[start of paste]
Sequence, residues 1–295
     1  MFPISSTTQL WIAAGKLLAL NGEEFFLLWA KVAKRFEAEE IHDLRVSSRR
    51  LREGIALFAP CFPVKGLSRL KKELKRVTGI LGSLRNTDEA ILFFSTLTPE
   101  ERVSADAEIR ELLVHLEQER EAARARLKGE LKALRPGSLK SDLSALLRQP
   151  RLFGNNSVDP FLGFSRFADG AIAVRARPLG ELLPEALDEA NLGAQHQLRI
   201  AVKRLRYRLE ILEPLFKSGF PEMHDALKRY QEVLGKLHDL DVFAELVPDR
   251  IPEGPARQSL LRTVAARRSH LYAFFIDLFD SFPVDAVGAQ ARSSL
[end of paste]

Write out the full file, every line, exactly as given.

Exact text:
Sequence, residues 1–295
     1  MFPISSTTQL WIAAGKLLAL NGEEFFLLWA KVAKRFEAEE IHDLRVSSRR
    51  LREGIALFAP CFPVKGLSRL KKELKRVTGI LGSLRNTDEA ILFFSTLTPE
   101  ERVSADAEIR ELLVHLEQER EAARARLKGE LKALRPGSLK SDLSALLRQP
   151  RLFGNNSVDP FLGFSRFADG AIAVRARPLG ELLPEALDEA NLGAQHQLRI
   201  AVKRLRYRLE ILEPLFKSGF PEMHDALKRY QEVLGKLHDL DVFAELVPDR
   251  IPEGPARQSL LRTVAARRSH LYAFFIDLFD SFPVDAVGAQ ARSSL